It is very interesting to consider that one of the reasons workers are turning to online platforms is that it it easier for them to get and perform work. The traditional hiring process is often opaque to work demands, and often inefficient and downright obstructionist.
1 year, 9 months ago on Why Today’s Contingents Are Moving Online
Good points about online staffing platform experience/value on the client and the contractor sides.
Definitely a topical post. The McKinsey study has a lot of important cautions and heads-ups, such as this one: "New technology platforms and capabilities are clearly creating new opportunities at manydifferent levels within organizations. We often see business executives experimenting with these platforms outside of IT’s awareness or permission. Given the proliferation and potential importance of these platforms, IT executives must shift from being gatekeepers to being enablers and service managers—guiding, supporting, and assisting their colleagues in
these experiments to ensure that corporate policies, data security, or risk guidelines are not endangered." This is one argument I made in an earlier SIA report on the vortext of new talent acquisition technology applications that staffing firms are now navigating: http://www.staffingindustry.com/site_member/Research-Publications/Blogs/Andrew-Karpie-s-Blog/A-Staffing-Firm-s-Strategic-Guide-to-the-Universe-of-Talent-Acquisition-Technology-TAT
2 years ago on Agility on a Tightrope
I still tend to believe that as platforms broaden/flatten labor markets, average contractor market rates would fall at first (unless the platform is able to bring previously inaccessible high skilled labor into a rapidly growing market--which in fact such platforms are doing in some cases). But, as I think John Horton is pointing out, they can also become "opportunity lattices" (especially if learning is possible). What's more they needn't be simply a spot market for decomposed labor/talent (as in some crowdsourcing models), but rather platforms that connect embodied talent/skill and those who will value and us it. Whole interesting important discussion. But I'd like to come back to the original focus of the post: the impact of emerging online work platforms on existing staffing industry structure(s).The interesting question seems to me how over the next 1-5-10 years the buyers/employers, the talent/skills, and the staffing specializing service intermediaries will evolve as increasingly powerful and geographically pevasive online labor platforms continue to emerge (something which started with job boards over 10 years ago). I don't see this emergence of online work platforms as only creating a distinct labor market for online work, Platforms like oDesk are only single instances of onliine workforce platforms that are and will be created. Platforms for intermediating and establishing work arrangements can extend to construction workers, truck drivers, et al. Moreover, platform scope can be increased as well (beyond being labor spot markets) to being "opportunity lattices" for nuturing and developing skilled workforce over longer relationship-development life-cycles. Institutional inertia will slow this process, but sometimes there are tipping points that we just don't see coming.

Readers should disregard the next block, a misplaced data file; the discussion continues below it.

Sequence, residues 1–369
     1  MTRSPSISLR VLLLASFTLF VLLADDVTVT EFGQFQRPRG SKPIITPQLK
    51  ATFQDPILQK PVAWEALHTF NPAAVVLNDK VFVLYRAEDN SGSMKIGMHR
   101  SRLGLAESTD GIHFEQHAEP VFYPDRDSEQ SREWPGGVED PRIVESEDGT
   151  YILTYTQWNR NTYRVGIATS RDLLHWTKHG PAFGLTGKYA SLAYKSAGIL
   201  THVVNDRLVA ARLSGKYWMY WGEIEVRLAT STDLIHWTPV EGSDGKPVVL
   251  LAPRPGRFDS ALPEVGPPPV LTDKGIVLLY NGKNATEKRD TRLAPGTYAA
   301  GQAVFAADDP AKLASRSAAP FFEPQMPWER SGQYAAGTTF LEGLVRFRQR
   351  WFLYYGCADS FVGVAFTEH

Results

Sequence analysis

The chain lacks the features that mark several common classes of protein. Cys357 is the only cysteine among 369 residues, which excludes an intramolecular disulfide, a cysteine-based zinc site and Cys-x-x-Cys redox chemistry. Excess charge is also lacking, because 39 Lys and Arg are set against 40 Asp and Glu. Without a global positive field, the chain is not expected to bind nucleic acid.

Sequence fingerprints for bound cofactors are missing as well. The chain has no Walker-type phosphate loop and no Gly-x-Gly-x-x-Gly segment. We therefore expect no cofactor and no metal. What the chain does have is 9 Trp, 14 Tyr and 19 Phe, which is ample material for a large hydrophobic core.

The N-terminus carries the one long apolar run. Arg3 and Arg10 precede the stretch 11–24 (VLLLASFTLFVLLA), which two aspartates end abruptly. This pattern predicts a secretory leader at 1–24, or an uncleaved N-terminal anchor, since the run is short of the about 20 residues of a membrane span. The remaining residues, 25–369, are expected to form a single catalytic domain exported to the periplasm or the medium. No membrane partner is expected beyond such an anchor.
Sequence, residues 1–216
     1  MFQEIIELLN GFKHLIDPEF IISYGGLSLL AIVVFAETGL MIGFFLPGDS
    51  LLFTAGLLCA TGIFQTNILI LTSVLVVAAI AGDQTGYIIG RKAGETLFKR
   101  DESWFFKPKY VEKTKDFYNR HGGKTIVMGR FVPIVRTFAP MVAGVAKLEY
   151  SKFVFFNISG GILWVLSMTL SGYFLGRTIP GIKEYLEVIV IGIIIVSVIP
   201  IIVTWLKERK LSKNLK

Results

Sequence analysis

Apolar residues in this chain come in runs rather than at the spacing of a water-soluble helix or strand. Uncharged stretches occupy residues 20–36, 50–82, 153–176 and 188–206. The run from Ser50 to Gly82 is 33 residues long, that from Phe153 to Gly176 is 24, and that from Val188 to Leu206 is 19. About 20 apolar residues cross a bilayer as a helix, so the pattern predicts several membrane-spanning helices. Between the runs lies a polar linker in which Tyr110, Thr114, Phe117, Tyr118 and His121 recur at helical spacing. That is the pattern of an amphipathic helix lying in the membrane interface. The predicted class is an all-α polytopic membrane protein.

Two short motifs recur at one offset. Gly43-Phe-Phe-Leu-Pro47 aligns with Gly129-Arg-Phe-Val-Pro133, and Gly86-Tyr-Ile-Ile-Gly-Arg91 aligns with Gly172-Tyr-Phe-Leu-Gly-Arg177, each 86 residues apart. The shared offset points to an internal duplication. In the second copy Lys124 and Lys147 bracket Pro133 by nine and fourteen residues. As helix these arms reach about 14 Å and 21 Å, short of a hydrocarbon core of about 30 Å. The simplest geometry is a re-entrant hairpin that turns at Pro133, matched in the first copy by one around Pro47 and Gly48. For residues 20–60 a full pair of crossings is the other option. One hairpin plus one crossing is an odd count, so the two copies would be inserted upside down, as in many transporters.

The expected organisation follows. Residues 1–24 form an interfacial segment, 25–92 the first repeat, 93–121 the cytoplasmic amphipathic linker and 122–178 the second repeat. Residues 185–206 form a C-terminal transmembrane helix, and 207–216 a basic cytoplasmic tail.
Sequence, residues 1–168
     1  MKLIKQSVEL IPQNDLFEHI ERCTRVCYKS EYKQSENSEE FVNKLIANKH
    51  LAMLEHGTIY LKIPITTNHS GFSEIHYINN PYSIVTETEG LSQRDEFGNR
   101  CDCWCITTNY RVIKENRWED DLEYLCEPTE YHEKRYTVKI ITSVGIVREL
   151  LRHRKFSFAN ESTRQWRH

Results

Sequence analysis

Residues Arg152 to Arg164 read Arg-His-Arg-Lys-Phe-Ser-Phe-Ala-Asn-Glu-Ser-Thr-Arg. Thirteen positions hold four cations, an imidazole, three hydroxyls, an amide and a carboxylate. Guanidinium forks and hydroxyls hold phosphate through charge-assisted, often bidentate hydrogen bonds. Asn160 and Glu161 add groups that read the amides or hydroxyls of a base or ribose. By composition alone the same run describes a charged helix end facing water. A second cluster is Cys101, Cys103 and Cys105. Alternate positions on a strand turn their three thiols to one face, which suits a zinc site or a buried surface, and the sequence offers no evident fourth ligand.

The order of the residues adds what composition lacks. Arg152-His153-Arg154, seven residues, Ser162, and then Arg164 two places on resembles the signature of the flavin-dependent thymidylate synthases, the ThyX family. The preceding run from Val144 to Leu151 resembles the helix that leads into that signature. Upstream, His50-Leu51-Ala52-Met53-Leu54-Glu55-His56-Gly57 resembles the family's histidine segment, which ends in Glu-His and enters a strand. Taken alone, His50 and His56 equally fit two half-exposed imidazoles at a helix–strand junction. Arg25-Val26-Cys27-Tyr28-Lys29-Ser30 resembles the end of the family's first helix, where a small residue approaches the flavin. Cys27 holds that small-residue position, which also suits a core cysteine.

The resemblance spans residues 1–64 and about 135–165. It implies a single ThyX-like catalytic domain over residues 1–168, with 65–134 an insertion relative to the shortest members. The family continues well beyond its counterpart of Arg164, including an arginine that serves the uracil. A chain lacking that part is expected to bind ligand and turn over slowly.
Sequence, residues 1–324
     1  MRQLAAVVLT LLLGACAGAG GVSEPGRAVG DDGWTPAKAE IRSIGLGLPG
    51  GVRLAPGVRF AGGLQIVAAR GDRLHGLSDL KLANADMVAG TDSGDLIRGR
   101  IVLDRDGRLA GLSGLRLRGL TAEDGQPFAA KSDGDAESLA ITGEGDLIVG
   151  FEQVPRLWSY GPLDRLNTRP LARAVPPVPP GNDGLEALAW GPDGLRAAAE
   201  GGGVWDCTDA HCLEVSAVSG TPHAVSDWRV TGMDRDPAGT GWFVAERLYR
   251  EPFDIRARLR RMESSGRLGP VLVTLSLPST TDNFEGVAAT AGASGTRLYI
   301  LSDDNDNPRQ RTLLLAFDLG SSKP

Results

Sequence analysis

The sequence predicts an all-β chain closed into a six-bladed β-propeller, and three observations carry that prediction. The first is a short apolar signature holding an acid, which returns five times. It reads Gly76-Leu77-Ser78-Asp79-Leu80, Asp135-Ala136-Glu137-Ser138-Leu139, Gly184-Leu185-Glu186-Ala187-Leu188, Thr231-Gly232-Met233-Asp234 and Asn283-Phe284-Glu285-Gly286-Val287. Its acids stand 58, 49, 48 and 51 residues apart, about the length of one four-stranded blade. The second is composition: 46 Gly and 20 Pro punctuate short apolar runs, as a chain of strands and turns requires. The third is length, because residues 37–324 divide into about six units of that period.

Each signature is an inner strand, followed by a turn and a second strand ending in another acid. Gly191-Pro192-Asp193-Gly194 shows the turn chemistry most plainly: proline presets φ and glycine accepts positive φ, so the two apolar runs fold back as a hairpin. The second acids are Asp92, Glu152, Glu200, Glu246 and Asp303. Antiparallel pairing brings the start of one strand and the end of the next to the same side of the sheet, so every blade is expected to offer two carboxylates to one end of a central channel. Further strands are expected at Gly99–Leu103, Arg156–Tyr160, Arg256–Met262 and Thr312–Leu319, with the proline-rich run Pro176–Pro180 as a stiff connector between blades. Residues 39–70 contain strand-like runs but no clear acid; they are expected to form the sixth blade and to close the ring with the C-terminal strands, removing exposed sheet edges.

2 years, 1 month ago on Online Sourcing Enhances Staffing
Vikram, what you say about wage rates seems to be supported by at least one study I know of: March 2012 research paper by Ajay Agrawal, et al, “How Do Online Platforms Flatten Markets for Contract Labor?“ http://andrewkarpie.com/wordpress/?p=1270. However, the question/issue you raise could apply to any labor market, online or not. In any case, there has to be some equilibrium where workers have an adequate level of living to keep working, subject to other societal values being imposed/embraced--that's a very big, complex issue (socially, politically, economically). It is certainly one question that applied to online work platforms (just as it does, once again, to labor markets in general). As to online work platforms, I think there are also many other important questions, besides this social/regulatory one, regarding transparency, transaction costs, effects on amounts of work performed/workers employed, at what costs. To me a major question is in this area: initiallly online work platforms "atomize" the workforce (independents, free-lancers) whose value creation and earning potential is limited by their own resources (scaling is limited). Will these work platforms evolve to support not just efforts of individuals, but the collaboration of individuals and the formation of multi-individual valaue creating entities that can scale and increase their market power as suppliers of labor/value. @andrewkarpie
Jim, Excellent post. You may find the emerging discipline of Service Science provides a helpful framework for what you are describing. See http://en.wikipedia.org/wiki/Service_science,_management_and_engineering for intro. @andrewkarpie
2 years, 1 month ago on The Supply Chain Management Ecosystem
Matt, This is an excellent post, especially as you lend your combined expertise from both online and traditional (local) worlds. I am agreement with you about the emergence of a blended model that accomodates perhaps even more than three service system models of "work arrangement intermediation." For the evolution of traditional staffing firms, technology will be a critical factor. @andrewkarpie @sia_akarpie